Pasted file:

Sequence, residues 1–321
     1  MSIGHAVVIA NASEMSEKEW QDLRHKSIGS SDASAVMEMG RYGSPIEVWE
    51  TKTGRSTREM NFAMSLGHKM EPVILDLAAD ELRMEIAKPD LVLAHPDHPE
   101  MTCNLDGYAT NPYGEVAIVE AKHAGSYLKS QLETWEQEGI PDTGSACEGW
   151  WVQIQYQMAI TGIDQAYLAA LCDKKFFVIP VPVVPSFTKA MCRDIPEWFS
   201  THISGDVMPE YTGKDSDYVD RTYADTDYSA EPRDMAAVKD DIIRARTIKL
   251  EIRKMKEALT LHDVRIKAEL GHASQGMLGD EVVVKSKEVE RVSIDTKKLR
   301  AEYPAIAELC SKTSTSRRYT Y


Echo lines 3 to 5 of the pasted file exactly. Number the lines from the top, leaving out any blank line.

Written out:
    51  TKTGRSTREM NFAMSLGHKM EPVILDLAAD ELRMEIAKPD LVLAHPDHPE
   101  MTCNLDGYAT NPYGEVAIVE AKHAGSYLKS QLETWEQEGI PDTGSACEGW
   151  WVQIQYQMAI TGIDQAYLAA LCDKKFFVIP VPVVPSFTKA MCRDIPEWFS